The word "summer" conjures up images of lazy days, sunny weather and beach vacations, but those of us who work 40+ hours a week may feel like there's not enough time in the day to enjoy it. So if you want to reward your employees for their hard work throughout the year, seize this opportunity to offer fun summertime benefits.

These six entrepreneurs share the perks they offer during the summer months that you too can implement to see increased employee morale -- and more sunburns -- around the office.

Plan monthly company outings.

With longer hours of sunlight in the day, your team will have more energy for fun nights out on the town. Stanley Meytin, CEO and creative director of production company True Film Production, organizes monthly outings for his team that are both entertaining and productive.

"During the summer, I plan a company outing at least once a month. It's a good way for everyone to cut loose and build more personal rapport with one another," says Meytin. "I try to make the night out something that helps with our communication and team-building skills, such as trivia night or Escape the Room."

Host offsite family days.

Adelyn Zhou, CMO of research and strategy firm TOPBOTS, likes to include friends and family in company outings to foster a casual, social setting. You can get to know your colleagues better while relaxing outside of the professional environment.

"One easy way to build team spirit is to hold an offsite family day. It can be a barbeque in the park, a ball game or a bowling night. Employees are encouraged to bring friends and family," she says. "It's always great to see colleagues in a non-work setting and meet their family and friends."

Encourage team reading breaks.

"We all need to read more. We all need to get outside more. Both activities are great for the summer months and can contribute to mental wellness," says Bryce Welker, founder and CEO of CPA review site Crush the CPA exam. There's an easy solution -- combine these activities by grabbing a book and heading outdoors.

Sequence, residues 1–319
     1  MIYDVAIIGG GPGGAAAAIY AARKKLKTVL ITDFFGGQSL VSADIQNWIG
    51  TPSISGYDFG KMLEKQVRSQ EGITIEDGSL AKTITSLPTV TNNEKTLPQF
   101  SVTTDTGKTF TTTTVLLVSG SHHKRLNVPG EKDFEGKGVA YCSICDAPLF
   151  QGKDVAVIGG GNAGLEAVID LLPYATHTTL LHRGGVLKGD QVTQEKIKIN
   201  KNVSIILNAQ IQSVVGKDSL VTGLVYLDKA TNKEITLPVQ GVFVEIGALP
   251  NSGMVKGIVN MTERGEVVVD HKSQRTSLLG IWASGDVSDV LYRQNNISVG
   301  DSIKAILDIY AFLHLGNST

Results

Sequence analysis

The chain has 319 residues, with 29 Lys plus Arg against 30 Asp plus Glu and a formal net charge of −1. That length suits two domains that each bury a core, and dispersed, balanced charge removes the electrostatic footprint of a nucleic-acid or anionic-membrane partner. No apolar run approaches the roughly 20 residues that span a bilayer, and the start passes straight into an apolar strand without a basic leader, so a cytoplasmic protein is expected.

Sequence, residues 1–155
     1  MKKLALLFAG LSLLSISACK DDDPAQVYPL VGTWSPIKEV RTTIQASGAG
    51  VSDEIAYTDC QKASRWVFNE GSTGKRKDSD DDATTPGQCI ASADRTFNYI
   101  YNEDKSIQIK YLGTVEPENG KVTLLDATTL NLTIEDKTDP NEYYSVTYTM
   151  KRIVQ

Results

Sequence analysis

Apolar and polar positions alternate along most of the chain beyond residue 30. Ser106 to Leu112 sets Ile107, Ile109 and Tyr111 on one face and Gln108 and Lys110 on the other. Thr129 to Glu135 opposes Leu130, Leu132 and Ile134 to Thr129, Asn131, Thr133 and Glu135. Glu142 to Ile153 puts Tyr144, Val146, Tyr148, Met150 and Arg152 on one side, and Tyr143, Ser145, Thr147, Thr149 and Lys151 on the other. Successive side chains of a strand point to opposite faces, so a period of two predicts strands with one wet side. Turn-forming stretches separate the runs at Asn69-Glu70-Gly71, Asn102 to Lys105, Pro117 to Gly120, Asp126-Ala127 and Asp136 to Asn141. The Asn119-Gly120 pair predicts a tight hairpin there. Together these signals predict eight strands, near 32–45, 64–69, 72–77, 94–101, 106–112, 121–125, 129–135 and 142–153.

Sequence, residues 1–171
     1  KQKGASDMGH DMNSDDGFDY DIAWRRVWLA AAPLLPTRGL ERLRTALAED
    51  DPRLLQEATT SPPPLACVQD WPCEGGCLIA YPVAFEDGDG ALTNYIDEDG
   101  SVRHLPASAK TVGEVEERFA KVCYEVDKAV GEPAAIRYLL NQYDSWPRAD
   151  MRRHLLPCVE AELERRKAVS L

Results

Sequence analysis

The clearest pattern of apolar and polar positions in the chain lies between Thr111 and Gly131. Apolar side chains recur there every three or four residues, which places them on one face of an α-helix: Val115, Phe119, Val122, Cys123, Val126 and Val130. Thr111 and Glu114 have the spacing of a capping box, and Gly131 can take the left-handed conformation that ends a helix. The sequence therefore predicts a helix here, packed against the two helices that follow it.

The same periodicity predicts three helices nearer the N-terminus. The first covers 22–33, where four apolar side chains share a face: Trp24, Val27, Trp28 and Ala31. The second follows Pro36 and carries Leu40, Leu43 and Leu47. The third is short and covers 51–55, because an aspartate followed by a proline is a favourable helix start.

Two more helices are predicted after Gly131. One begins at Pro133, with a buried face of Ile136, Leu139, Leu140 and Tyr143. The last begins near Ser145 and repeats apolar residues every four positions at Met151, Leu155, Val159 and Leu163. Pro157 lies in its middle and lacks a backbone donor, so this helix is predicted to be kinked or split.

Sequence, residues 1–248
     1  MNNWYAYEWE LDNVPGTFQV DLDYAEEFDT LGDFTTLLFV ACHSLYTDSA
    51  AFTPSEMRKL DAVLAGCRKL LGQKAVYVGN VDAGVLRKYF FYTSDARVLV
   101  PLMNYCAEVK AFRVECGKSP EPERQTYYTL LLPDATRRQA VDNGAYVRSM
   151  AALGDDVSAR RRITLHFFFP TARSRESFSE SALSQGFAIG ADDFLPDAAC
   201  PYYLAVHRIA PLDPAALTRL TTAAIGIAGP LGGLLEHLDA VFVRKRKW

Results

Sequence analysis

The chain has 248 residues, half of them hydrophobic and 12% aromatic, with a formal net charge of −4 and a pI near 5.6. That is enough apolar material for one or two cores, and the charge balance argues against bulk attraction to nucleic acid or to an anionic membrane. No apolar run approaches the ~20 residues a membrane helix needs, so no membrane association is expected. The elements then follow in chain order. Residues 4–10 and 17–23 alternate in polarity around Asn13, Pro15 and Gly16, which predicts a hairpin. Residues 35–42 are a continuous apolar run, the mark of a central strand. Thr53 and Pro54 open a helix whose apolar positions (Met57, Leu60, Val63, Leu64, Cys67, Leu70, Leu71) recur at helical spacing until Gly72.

"Once a week, or every other week if you're super busy, designate an hour when people leave their phones inside and bring a book outside," he says. "Encourage your employees to recommend books to each other and you'll see enthusiasm for the activity grow and grow."

Offer discounted tickets to an amusement park of their choice.

When you think of fun activities for hot summer days, going to a water park likely makes the list. Cynthia Johnson, co-founder of personal brand development and management agency Ipseity Media, makes it easy for employees to enjoy an outing with family by offering discounted tickets.

"Whether it's a water park or some other amusement park, offer tickets that can be purchased at a group or corporate rate. Employees can use this to take a break with their kids and spouses," says Johnson. "Our team loves doing this, and the fact that they can pick the park makes it even better."

Overlap hours to allow for shorter days.

Diego Orjuela, CEO and founder of patient monitor accessories company Cables & Sensors, knows that employees crave shorter summer hours to enjoy the weather, but also recognizes that closing your doors early can mean less business. That's why his company utilizes an hour-sharing system that offers the best of both worlds.

"Instead of closing our doors early to let people go home, we offer shorter business days to our team members, but overlap them amongst the team," he says. "Some people come in later, while others leave earlier. Your business hours are not affected, but your team can look forward to fewer working hours during the summer."

Give Fridays off.

"During the summer, we give (and take) Fridays off," says Robby Berthume, co-founder and CEO of agency services company Bull & Beard. This doesn't mean less work gets done -- his team works harder because of it.

"We tend to shift into a more productive schedule Monday through Thursday, more than making up for the time away," he says. "Everyone is happier working harder earlier in the week knowing they can look forward to a three-day weekend."

Published on: Jul 24, 2017
The opinions expressed here by columnists are their own, not those of